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Even Targets of Criticism Recognize Value of Human Relations Panel : Cultures: Honest, direct communication is the objective, and the commission’s work in bringing opposing groups or individuals together has met with praise.

TIMES STAFF WRITER

In April, 1989, Chuyen Nguyen was embroiled in a controversy that was sparking an outcry in Orange County’s Vietnamese community and beginning to take on international proportions when he received a call from the representative of a county agency of which he had never heard.

Two days earlier, Westminster City Councilman Frank Fry Jr. had voted to deny a parade permit to Nguyen and the South Vietnamese Armed Forces Committee and then stunned them by announcing, “If you want to be South Vietnamese, go back to South Vietnam.”

Now Nguyen was talking to Rusty Kennedy, executive director of the Orange County Human Relations Commission, who was asking if he wouldn’t like to come to a commission meeting and talk about how he felt.

Nguyen remembers being surprised.

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“We did not even know that a human relations commission existed in Orange County, but we were very pleased,” he said recently.

Many people have been affected by the Human Relations Commission over the past 20 years, some on the receiving end of stern censure, some the beneficiaries of new-found justice, others afforded a forum to air their grievances.

Despite what many consider a low profile, the commission has been able to improve the lives of individual residents and entire communities.

Even those on the receiving end of the commission’s wrath say they feel the agency benefits the county.

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Fry, for example, says he believes his statement was taken out of context and blown way out of proportion but feels the commission did what it had to do.

Kennedy worked for an entire day drafting an apology that was acceptable to both sides and the controversy was finally diffused.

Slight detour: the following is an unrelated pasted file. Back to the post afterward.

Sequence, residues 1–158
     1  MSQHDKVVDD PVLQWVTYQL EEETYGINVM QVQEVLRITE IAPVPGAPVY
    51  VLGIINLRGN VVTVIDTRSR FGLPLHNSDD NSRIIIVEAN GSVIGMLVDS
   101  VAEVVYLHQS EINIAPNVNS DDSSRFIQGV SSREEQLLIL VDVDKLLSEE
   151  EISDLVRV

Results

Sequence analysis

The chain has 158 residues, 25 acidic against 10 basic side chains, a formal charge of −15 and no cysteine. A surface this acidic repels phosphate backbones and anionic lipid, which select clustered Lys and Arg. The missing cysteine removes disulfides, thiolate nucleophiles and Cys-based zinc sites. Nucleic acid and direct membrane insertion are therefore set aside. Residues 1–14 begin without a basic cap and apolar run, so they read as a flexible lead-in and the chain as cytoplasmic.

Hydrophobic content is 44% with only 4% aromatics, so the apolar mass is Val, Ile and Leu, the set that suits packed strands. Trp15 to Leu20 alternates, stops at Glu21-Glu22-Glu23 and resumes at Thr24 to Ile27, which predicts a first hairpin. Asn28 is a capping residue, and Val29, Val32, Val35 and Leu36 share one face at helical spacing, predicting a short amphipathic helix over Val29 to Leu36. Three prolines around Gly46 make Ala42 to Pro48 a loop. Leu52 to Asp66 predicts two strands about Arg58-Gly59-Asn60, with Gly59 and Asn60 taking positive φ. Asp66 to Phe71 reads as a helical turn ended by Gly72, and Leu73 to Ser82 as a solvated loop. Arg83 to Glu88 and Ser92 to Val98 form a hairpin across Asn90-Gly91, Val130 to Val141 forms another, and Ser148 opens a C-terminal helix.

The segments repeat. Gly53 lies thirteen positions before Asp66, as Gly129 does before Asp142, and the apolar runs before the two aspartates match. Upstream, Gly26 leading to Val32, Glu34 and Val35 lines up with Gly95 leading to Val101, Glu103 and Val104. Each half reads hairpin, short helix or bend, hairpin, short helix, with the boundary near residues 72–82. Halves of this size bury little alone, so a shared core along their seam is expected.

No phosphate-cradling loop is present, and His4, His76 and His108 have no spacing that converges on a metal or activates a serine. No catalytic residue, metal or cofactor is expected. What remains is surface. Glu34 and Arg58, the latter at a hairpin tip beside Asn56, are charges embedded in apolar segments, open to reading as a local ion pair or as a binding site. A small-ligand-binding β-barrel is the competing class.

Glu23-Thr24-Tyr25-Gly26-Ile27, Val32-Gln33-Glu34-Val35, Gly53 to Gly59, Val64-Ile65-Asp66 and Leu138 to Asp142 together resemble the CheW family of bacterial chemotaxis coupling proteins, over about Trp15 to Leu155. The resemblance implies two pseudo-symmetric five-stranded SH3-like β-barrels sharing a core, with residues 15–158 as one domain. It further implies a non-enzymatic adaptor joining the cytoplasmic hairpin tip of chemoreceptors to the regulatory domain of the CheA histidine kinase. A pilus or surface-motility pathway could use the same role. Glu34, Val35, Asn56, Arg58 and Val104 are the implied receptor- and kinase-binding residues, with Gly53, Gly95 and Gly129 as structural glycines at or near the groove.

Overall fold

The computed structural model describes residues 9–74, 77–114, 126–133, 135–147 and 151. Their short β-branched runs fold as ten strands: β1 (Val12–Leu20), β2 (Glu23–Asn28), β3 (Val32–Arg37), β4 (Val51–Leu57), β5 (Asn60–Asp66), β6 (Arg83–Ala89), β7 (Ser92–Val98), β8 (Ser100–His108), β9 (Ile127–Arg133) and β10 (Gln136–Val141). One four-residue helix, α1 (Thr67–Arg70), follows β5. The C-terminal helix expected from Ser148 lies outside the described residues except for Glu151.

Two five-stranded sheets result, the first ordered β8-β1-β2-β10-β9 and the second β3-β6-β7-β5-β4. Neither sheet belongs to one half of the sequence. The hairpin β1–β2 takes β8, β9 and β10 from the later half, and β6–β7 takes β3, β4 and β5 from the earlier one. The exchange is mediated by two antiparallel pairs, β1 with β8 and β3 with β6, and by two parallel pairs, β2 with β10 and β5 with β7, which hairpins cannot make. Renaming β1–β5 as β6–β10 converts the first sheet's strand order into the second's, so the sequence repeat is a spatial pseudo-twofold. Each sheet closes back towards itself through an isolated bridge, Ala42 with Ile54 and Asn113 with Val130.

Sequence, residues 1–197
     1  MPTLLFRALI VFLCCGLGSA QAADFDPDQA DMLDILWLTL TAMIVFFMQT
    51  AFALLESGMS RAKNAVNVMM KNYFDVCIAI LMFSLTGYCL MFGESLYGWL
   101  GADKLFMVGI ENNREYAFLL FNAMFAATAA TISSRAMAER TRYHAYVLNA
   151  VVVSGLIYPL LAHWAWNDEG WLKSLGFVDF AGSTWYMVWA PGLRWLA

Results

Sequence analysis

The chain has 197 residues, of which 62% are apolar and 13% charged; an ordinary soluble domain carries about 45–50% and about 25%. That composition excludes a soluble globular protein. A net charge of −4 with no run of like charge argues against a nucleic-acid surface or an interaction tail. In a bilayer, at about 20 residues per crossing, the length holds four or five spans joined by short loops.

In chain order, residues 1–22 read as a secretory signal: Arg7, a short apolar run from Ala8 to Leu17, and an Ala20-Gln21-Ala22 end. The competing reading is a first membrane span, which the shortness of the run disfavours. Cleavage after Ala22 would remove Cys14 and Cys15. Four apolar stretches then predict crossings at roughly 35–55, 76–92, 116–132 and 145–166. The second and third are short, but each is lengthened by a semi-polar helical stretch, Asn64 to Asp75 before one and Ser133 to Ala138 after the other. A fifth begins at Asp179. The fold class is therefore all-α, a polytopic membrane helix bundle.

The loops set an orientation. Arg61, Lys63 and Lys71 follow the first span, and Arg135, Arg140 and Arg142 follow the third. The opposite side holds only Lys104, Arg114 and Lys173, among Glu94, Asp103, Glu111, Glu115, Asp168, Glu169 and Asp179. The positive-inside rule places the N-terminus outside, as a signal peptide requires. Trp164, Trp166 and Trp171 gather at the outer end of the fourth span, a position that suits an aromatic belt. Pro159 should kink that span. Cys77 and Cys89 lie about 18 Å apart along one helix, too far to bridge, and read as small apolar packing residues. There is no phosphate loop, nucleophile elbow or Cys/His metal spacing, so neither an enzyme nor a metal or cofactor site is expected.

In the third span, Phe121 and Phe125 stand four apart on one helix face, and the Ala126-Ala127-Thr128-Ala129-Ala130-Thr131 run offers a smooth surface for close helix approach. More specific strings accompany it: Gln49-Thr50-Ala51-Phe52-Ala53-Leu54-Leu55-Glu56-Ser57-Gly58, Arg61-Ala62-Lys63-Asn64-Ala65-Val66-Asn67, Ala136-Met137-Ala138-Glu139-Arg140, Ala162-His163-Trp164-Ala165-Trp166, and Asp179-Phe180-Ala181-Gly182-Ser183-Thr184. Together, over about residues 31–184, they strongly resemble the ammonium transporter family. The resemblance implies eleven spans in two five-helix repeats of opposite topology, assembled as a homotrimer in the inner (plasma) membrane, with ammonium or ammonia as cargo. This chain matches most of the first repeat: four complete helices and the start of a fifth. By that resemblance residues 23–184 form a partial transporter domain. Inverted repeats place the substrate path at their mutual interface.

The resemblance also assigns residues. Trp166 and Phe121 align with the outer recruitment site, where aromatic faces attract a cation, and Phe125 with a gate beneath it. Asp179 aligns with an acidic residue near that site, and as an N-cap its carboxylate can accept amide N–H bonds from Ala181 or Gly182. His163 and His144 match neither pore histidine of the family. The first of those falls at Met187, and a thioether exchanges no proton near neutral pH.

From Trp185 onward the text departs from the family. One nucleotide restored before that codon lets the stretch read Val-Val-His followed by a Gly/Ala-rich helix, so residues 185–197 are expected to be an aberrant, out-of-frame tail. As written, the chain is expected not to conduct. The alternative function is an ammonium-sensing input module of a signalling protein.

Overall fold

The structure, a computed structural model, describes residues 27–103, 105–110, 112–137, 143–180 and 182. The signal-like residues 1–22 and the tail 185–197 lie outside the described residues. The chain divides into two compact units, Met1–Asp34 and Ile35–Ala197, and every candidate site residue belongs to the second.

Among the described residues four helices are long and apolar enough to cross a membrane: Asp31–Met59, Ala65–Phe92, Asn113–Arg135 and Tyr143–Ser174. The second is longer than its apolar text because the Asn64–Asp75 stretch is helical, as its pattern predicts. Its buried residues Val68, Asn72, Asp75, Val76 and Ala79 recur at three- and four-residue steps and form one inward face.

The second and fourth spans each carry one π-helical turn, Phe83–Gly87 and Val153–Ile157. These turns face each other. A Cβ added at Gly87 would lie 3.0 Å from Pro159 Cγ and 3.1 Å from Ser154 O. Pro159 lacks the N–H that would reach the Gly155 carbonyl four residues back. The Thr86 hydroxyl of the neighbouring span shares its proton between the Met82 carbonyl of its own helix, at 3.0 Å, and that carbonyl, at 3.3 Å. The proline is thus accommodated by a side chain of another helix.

“I was a little angry being put into that position, but somebody had to give in,” the councilman said recently. “I think Rusty did a nice job. His interest was in behalf of the community as a whole.”

Many Garden Grove residents say they feel a new sense of community after the Human Relations Commission intervened in a controversy that erupted in 1989 over a proposal to require English on commercial signs in the city.

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Members of the city’s large Asian community felt they were victims of discrimination, and the commission supported their contention. The city subsequently adopted an ordinance that made the use of English voluntary.

But the commission’s work did not stop there. It sponsored a six-month series of discussions between white and Asian residents.

“It was very successful,” said Jane Powell, a 44-year Garden Grove resident who had supported the sign ordinance and participated in the discussion groups. She now supports the current regulations.

“We all profited and now we know where each stands,” Powell said. “I think if anything like that were to come up again, there is a nucleus on both sides who feel we could talk to each other and get an honest appraisal.”

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Myung Park, an Irvine resident who is president of an international trade business with offices in Carson and Garden Grove, said he too was pleased at the outcome.

“In the past, there was never an attempt at a program like that, but the attempt itself is a great fruit,” said Park, who immigrated from Seoul five years ago. “The commission cannot solve everything. But I have a high regard for their activities. I think the (white) majority sometimes has difficulty accepting minorities in Orange County, but it is undergoing swift changes that must be dealt with.”

Delano De Silva, an insurance underwriter who is a native of Panama, could have hardly imagined that someone would deal with his presence in Laguna Hills by vandalizing his home, spray-painting racial slurs on walls and furniture and causing emotional turmoil for his wife and two sons.

The 1990 incident was roundly condemned by community and religious leaders and the Human Relations Commission, which held a press conference to publicize the act.

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“At first we were worried about going to the media,” De Silva said. “But when Rusty Kennedy contacted me to coordinate the press conference I said, ‘Yes.’ It was a very good gesture because it brought to the community’s attention a problem that they may not have been aware of. The result was that the community was very responsive, they sympathized and shared their outrage that these kinds of (acts) are still happening.”


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